As two scandal-plagued virtual charter schools face losing their charters, their attorney appeared before an authorizing board Monday night and described the schools as effectively closed: Students have been told to wrap up their work this week. Teachers haven’t been paid. School bank accounts have been shuttered.
Federal investigators have been looking into enrollment discrepancies and how Indiana Virtual School and Indiana Virtual Pathways Academy spent tens of millions in public dollars, the schools’ attorney, Mary Jane Lapointe, confirmed to the board.
But despite painting a picture of schools that are all but shut down, she asked the oversight agency, Daleville Community Schools, for money to finish closing the schools — or even to keep them open, saying the schools’ problems could “go away eventually.” Lapointe also disputed the state auditors’ recent findings that the schools had over-reported enrollment and taken in $47 million more in state funding than they should have.
Monday night’s meeting was the two virtual schools’ chance to defend themselves as the Daleville school board considers for a second time revoking their charters — a largely symbolic move, since the schools have already agreed to close and appear to be shutting themselves down even earlier than mandated.
Lapointe said she didn’t know how many students were still enrolled in the two troubled schools.
Daleville has been bearing down on the two virtual charter schools since February, when the small rural district outside of Muncie revealed data showing the schools had been enrolling thousands of students who never logged in or signed up for classes. The schools came to an agreement with Daleville to wind down their operations, and the state cut off funding.
If the schools close, Lapointe said, they will still need money to pay staff members to help students transfer elsewhere.
According to Lapointe, AlphaCom Inc., which had been under contract to manage the schools, claimed “there were no overpayments — in fact, that there were no miscalculations, none. And that in fact, there were always more students enrolled than they were getting paid for.”
The confusion, she said, “lies in the difference between virtual and brick-and-mortar schools.”
The virtual schools have been subjects of Chalkbeat stories for years, with a 2017 investigation revealing ties between the schools’ founder, Thomas Stoughton, and companies hired by the schools, including AlphaCom.
Reached by phone Monday night, the attorney listed for AlphaCom told Chalkbeat he had stopped representing the company and believed the business was no longer in existence. In more than 300 pages of documents the schools sent to the Daleville school board, the index notes AlphaCom’s “successor” as a company called American Pathways Academy, which appears to share an address with the former AlphaCom.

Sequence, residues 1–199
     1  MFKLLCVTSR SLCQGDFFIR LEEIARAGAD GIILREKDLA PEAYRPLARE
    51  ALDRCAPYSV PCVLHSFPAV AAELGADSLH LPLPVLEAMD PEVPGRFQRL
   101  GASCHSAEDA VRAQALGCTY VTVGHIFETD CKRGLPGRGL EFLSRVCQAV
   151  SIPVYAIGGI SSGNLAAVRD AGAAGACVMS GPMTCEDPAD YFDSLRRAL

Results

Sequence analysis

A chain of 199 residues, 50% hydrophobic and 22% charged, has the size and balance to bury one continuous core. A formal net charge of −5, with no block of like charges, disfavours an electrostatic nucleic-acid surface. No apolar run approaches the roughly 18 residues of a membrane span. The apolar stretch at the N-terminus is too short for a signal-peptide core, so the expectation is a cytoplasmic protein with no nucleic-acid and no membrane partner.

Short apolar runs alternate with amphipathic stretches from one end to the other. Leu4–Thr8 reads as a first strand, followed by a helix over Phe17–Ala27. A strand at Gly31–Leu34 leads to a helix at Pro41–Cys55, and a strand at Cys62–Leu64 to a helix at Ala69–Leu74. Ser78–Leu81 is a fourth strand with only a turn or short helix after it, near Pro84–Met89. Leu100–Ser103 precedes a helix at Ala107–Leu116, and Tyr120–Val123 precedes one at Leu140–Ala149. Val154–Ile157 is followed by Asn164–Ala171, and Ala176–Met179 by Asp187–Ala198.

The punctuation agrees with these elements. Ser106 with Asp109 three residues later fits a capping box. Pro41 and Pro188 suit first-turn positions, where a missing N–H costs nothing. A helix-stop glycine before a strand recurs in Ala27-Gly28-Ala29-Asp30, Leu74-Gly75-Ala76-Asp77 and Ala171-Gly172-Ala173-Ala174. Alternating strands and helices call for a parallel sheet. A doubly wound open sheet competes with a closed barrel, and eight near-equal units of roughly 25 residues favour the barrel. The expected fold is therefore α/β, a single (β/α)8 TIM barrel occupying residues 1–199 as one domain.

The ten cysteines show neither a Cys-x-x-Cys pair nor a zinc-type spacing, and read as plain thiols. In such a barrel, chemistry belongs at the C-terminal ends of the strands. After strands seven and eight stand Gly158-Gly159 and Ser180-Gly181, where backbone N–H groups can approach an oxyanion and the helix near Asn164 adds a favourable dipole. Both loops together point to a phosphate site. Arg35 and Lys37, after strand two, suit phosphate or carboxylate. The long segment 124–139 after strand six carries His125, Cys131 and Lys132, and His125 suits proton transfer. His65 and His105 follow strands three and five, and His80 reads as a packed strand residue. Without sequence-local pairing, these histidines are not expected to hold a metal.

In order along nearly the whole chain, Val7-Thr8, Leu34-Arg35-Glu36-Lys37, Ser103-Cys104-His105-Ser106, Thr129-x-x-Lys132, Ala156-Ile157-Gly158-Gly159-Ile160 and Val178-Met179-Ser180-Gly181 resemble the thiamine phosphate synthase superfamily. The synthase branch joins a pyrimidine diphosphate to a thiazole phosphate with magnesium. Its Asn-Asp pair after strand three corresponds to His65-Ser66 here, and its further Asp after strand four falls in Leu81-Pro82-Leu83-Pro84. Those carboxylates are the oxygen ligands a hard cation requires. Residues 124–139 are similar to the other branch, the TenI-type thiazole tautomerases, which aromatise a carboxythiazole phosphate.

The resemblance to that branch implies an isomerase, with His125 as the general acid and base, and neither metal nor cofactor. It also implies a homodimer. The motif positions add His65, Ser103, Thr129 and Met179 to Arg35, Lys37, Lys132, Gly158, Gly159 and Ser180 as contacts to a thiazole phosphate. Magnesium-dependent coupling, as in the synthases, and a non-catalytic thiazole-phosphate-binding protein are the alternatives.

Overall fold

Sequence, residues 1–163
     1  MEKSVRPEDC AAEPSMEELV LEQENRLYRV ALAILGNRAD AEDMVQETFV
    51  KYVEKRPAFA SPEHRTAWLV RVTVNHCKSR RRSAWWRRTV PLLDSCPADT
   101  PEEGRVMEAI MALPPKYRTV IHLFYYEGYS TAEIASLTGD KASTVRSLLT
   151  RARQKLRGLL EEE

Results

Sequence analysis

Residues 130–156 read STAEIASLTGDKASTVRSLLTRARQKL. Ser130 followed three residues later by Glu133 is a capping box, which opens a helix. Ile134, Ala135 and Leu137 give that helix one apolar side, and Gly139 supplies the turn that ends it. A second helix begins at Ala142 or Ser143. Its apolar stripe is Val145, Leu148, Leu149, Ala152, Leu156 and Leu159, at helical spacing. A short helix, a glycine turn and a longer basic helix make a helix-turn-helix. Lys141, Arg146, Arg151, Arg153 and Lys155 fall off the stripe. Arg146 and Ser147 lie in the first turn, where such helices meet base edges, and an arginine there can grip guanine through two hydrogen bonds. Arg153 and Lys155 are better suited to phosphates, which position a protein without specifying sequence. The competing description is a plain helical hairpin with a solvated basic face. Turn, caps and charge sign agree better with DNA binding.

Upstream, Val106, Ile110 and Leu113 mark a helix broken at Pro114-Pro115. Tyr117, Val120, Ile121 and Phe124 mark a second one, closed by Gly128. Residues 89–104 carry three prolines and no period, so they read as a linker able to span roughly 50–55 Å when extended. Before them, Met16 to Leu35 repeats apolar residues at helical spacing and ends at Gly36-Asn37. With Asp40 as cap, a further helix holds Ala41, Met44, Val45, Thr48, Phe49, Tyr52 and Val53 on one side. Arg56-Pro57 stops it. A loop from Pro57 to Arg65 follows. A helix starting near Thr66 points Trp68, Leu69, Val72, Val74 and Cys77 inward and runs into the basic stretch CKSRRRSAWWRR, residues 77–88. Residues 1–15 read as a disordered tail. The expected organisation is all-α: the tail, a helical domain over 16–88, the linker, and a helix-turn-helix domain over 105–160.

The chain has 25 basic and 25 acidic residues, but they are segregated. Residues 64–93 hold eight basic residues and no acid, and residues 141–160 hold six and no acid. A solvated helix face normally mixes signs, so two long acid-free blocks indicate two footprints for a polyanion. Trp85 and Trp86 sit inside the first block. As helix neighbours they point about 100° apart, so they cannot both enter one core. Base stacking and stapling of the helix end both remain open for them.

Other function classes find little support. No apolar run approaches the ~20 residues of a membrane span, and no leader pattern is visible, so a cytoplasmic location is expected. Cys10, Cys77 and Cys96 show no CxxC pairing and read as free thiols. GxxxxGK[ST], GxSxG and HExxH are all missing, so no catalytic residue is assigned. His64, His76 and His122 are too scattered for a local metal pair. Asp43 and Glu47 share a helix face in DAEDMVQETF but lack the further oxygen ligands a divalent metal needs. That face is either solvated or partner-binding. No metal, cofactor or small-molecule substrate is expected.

The documents also included a subpoena for school officials to testify in front of a grand jury earlier this month and provide information on student enrollment, school contracts, and payments made to vendors. Daleville board members said the papers, including another stack that Lapointe handed to them at the meeting, contained information that they had been seeking for months.
“When you refuse to provide information that is in your charter that you are to provide, it definitely makes you suspicious,” Vickie Rees, a board member, said. “Why would you have not come forward with that early on?”
When Daleville board members criticized the virtual schools’ superintendent, Percy Clark, apparently the only remaining staff member, and members of the schools’ board of directors for not showing up to defend the schools, Lapointe said Clark was “at his wits end,” and volunteer board members seemed “not willing to do much more.”
During the meeting, Daleville board members asked why the schools had run out of money, to which Lapointe responded, “I don’t know.”
Even though the Daleville school board is scheduled to meet again next Monday to make a final decision, revoking the charters may not have a practical effect. Indiana Virtual School had already been scheduled to close Sept. 17, and students had been referred to its sister school. Indiana Virtual Pathways Academy is slated to close at the end of the school year, though classes are apparently winding down this week.